Sunday, June 9, 2024


 Tickets, Please!
(Photo by Brian Long)

Dear Reader!  We are halfway through Dell'Arte Opera Ensemble's exciting Spring season and having a fine time. We would, however, want you to have an even better time than we did, so we urge you to prepare yourself before the upcoming double bill of  Tickets, Please and The Seven Deadly Sins. We make it a point to avoid reading about productions before attending, hoping that the works will speak for themselves. In this case, some preparation would have been helpful.

What we enjoyed at the double bill was some excellent singing and acting and some highly astute direction by Jessica Harika. Maestro David Štech conducted and Maestro Chris Fecteau provided keyboard accompaniment. What was missing was a program with a synopsis. There were no projected titles and one's ability to understand rested heavily on the clarity of each singer's enunciation. The setup was a stage with areas of seats facing each other, somewhat reminiscent of "theater in the round" in which actors are often facing away from you and not clearly audible.

The best preparation for Tickets, Please would be reading the short story with the same title which was contained within D.H. Lawrence's compilation England My England which was published in 1922. Lawrence had plenty to say about the effects of The Great War on British society, particularly about the absence of men on the home front and the masculinization (liberation) of women who were allowed (needed) to take on "man's work". Part III of the story was adapted by Sidney L. Berger and set to some agreeable music by Robert Nelson.

The work is accessible and can be experienced as social commentary with amusing moments and rueful ones. In the past century, the battle for gender dominance has not been won, making the work relevant. A group of women employed as transit workers gang up on their supervisor who has been careless with the affections of Annie (the excellent Allison Deady). The boss John Turner (effectively portrayed by Dicky Dutton is beaten and humiliated by his crew, comprising Rachelle Pike, Sadie Spivey, Helen Sanchez, Kaitlyn Tierney, and Carlyle Quinn. You will have to see for yourself (and we do recommend it) to learn whether Annie gets vindication, or...........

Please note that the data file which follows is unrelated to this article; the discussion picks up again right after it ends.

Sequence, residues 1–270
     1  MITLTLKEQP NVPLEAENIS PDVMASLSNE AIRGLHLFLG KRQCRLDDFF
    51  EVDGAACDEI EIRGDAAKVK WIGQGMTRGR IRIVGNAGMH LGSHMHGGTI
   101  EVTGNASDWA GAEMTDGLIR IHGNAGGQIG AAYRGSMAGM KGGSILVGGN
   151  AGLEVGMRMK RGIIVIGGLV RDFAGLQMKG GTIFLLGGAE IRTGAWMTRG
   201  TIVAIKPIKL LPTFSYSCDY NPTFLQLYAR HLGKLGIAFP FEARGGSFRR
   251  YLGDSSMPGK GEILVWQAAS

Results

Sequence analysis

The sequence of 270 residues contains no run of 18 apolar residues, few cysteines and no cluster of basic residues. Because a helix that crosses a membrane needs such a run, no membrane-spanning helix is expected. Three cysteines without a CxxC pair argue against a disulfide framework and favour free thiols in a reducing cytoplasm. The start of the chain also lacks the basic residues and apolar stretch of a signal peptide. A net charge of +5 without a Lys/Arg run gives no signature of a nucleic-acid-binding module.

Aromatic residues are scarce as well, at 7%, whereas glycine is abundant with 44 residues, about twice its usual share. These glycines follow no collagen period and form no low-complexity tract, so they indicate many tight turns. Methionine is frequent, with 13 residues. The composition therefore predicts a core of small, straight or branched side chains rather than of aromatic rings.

Elisa Toro Franky and Elizaveta Kozlova
(Photo by Brian Long)

The second half of the double bill is a "ballet chanté" entitled The Seven Deadly Sins, composed by Kurt Weill to a libretto by Bertolt Brecht, so you know it is going to be biting and satirical. The man who commissioned it wanted a piece for his dancer wife and thus we have the role of Anna shared by the wonderful soprano Elizaveta Kozlova and dancer Elisa Toro Franky who were coiffed and dressed ( by Angela Huff) in nearly identical garments. Anna I, for those unfamiliar with the work, represents the superego, rational and practical and judgmental, whilst Anna II represents the free spirited id. 

Anna has been sent abroad to seven different cities in the USA to earn money so that her family can build a house. Each city represents a different adventure (sin) which, in real life, does not correspond in any way. The family was portrayed by Jeremy Sivitz, Thomas Walters, Renato Estacio, and Jason Adamo as "Mother" in a dress and apron. There is a delicious variety of musical styles and enough satire to tempt the blasé.

Dell'Arte Opera Ensemble is dear to our heart, sharing our wish to assist young artists in their development. It is unfortunate that so many of our beloved small opera companies have folded or strayed from the path. We honor Dell'Arte Opera Ensemble for soldiering through these difficult times.

© meche kroop

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